Let's Talk Race DIY Book Clubs bring together the essential components of a good book discussion: an introduction to share, questions to prompt conversation and further reading.
Leading expert in social psychology, MacArthur Fellow, and professor of psychology at Stanford University, Dr. Jennifer Lynn Eberhardt expertly explains our innate biases and how they affect every aspect of our lives. We all have implicit biases which are triggered at lightning speed that form the basis of our thoughts about other people, and our actions towards them. Eberhardt's decades-long research of human biases is drawn in an accessible way with personal anecdotes, but is still packed with facts and extensive analysis.
Dr. Eberhardt gives a very quick introduction to her book, Biased: Uncovering the Hidden Prejudice That Shapes What We See, Think, and Do.
What stories or research from Biased did you find particularly striking? Which spoke to experiences from your own life, either in how you were treated by others or how you reacted to situations and people?
Dr. Eberhardt writes that goal-driven repetitive practices can override the effects of bias. Other factors include the effect of personal connections, introducing objective standards, raising awareness, and sustained story-sharing. What methods do you think are useful to recognize, address, and mitigate bias?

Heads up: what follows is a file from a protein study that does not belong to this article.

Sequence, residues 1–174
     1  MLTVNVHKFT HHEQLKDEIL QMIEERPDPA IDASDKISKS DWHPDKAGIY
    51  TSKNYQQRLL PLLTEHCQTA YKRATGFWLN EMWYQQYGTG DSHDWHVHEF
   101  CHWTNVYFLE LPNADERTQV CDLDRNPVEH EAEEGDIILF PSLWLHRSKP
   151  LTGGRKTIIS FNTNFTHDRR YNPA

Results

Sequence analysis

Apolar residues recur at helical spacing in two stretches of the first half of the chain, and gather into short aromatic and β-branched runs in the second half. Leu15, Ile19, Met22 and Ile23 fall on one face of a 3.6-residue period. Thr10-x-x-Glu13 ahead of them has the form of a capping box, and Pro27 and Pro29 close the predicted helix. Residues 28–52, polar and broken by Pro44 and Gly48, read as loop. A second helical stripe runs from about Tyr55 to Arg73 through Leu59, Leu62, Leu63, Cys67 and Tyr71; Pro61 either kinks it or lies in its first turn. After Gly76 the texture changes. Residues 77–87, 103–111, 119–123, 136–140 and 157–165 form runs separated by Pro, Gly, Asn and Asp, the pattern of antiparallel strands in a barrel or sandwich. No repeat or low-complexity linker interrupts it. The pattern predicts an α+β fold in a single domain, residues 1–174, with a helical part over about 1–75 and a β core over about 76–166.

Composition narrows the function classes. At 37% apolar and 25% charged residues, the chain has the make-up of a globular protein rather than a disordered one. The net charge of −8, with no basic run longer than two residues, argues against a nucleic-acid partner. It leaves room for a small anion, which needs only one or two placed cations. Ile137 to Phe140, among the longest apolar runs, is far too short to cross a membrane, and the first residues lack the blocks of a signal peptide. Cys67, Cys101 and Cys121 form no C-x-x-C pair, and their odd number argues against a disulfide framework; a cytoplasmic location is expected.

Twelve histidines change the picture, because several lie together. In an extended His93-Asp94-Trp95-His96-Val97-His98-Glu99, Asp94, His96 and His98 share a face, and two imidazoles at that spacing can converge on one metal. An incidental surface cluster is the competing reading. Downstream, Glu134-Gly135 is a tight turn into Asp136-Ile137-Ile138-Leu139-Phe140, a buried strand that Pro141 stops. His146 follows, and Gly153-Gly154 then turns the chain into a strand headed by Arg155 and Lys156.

“Bias determines who gets to shine, who is allowed to stand out, who is lauded for being a ‘disrupter’ and who is sidelined for being disruptive,” Dr. Eberhardt writes. Have you seen bias operate in this way?
Dr. Eberhardt states that the mistake we continue to make is thinking our work is done: “Companies want to check the boxes but not change their culture.” What is the culture of your team or organization? How does—or could—your company demonstrate an ongoing commitment to changing to the impact of bias?
When people focus on not seeing color, they often fail to see discrimination and bias. How does Dr. Eberhardt’s research challenge a colorblind approach?
Bias influences how we interpret the world and how others react to us. Can you share a story of how your identity has perhaps changed the outcome of a situation?
We all have many identities. Some of those are more visible, and some are invisible. What is one aspect of your identity or life that may be “invisible” to others? How do you think that identity affects your own bias or how others perceive you?
Have you ever felt like an outsider—at school, work, with friends, or within any community? Please share a story of feeling like an outsider and what that was like for you.
What lessons are you taking from Biased and this conversation? Are there tangible takeaways you are thinking about regarding awareness of your own actions, the space to share your stories, or changes you can make collectively as a team and organization to face and address the ongoing effects of bias?